Document Type : Original articles


1 Department of Obstetrics and Gynecology, College of Medicine, Mustansiriyah University, Baghdad, Iraq

2 National Center of Hematology, Mustansiriyah University, Baghdad, Iraq


Background: Red cell distribution width (RDW) is an inflammatory biomarker and a component of complete blood count that gains increased attention. Pre-eclampsia (PE) is a unique pregnancy syndrome for which inflammation was proposed for pathogenesis.
Objective: We aimed to examine RDW's role in PE and explore confounders that limit its implication in practice.
Materials and Methods: A case-control study recruited 120 participants matched in body mass index (BMI) and gestational age into 3 subgroups; late-onset severe PE cases (30/120), late-onset non-severe PE cases (30/120), and healthy controls (60/120). Participants' demographics (age, BMI, systolic and diastolic blood pressure (SBP, and DBP), hematological and biochemical parameters were evaluated.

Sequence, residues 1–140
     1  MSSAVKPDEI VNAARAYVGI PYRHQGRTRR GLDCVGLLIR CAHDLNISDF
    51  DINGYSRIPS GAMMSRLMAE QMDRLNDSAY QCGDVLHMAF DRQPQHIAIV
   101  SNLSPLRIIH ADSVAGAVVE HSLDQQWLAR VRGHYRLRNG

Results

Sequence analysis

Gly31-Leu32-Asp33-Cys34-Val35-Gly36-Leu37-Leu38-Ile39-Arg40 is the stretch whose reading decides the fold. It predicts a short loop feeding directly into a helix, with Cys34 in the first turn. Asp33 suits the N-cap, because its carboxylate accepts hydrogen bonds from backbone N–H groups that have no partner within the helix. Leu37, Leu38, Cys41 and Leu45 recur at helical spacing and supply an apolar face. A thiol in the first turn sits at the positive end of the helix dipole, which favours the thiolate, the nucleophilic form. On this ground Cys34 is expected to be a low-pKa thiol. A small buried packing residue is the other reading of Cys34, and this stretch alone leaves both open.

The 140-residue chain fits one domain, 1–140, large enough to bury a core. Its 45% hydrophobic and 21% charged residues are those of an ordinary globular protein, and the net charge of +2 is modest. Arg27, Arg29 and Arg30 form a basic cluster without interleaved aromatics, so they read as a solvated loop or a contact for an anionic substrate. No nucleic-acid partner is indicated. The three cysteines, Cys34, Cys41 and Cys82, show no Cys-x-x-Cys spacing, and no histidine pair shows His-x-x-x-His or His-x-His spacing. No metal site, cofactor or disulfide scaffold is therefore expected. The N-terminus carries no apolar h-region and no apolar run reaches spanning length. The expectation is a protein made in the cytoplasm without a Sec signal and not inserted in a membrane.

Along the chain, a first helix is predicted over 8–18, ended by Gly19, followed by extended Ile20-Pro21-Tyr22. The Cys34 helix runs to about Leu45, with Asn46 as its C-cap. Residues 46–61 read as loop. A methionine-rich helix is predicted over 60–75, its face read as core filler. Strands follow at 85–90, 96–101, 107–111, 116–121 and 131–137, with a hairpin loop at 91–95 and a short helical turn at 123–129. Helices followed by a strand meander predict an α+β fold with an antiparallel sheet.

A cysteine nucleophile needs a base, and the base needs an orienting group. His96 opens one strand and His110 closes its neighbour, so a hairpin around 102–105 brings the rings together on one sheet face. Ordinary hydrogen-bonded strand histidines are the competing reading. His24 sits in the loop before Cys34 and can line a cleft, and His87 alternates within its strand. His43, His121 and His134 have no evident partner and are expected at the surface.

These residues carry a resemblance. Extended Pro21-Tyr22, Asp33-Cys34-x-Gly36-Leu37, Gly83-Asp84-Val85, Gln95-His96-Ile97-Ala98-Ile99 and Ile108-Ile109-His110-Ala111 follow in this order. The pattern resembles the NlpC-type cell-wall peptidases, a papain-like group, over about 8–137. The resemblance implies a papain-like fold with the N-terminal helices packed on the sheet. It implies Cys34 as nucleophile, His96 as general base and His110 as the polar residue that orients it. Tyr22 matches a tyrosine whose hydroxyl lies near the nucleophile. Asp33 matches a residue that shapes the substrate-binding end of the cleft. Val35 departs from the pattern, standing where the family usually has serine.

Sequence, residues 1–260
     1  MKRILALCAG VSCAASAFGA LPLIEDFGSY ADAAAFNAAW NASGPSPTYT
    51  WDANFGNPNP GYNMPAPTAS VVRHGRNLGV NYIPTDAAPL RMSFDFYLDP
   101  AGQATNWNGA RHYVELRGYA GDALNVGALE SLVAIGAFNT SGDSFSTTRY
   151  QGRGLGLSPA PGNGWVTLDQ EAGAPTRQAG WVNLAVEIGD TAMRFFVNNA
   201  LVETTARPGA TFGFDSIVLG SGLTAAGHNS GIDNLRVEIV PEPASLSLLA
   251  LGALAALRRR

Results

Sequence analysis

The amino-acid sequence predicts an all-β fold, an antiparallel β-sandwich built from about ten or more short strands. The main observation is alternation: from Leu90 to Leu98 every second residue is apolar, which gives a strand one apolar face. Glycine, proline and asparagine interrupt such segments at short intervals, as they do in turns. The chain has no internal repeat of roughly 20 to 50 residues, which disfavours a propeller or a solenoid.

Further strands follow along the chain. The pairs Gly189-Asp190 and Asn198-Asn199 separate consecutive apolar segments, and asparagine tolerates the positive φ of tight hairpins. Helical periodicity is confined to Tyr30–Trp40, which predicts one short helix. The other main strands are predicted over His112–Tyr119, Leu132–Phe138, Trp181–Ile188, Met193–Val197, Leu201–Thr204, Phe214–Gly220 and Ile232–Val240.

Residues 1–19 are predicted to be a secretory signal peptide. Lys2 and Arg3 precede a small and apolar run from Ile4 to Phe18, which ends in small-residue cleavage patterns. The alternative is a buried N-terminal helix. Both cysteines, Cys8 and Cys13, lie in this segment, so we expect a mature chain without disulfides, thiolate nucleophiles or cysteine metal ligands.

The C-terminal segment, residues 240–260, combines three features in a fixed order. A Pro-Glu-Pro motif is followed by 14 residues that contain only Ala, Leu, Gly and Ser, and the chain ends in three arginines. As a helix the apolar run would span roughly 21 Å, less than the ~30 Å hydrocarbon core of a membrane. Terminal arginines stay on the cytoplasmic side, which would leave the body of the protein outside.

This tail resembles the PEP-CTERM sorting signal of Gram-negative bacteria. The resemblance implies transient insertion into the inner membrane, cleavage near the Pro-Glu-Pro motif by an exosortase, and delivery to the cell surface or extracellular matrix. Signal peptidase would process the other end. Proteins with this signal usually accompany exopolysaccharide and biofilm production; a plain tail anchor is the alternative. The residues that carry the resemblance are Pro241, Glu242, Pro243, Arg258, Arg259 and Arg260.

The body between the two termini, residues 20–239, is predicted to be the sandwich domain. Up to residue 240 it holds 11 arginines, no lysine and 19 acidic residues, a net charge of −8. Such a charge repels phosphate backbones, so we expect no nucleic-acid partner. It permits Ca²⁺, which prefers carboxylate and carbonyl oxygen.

Results: RDW was significantly higher in PE cases (P-value < 0.01 ); In addition, RDW was positively correlated to SBP, DBP, and protein urea, r =0.5, r = 0.46, and r = 0.47 ; P-value < 0.0001, respectively. Liver enzymes, hemoglobin, and white blood cell count were all significantly linked to RDW (r = 0.27, P-value = 0.015), (r = 0.32, P-value = 0.005), (r = -0.27, P-value = 0.02) and (r = 0.39; P-value = 0.0004)  respectively. Applying ROC Curve analysis showed that RDW cut-off value of > 14.4% discriminated PE cases from healthy controls (P-value < 0.001). At a cut-off value > 15.6% RDW distinguished severe from non-severe PE cases (P-value < 0.001).
Conclusion: RDW was significantly correlated to PE predictors and severity markers independent of gestational age and BMI. The ROC curve showed that RDW distinguished PE from healthy controls in addition to non-severe from severe PE cases with high sensitivity and specificity. Being an inexpensive, reliable test with good predictive and prognostic value warrants further studies for RDW's role in  PE screening and follow-up.


Main Subjects

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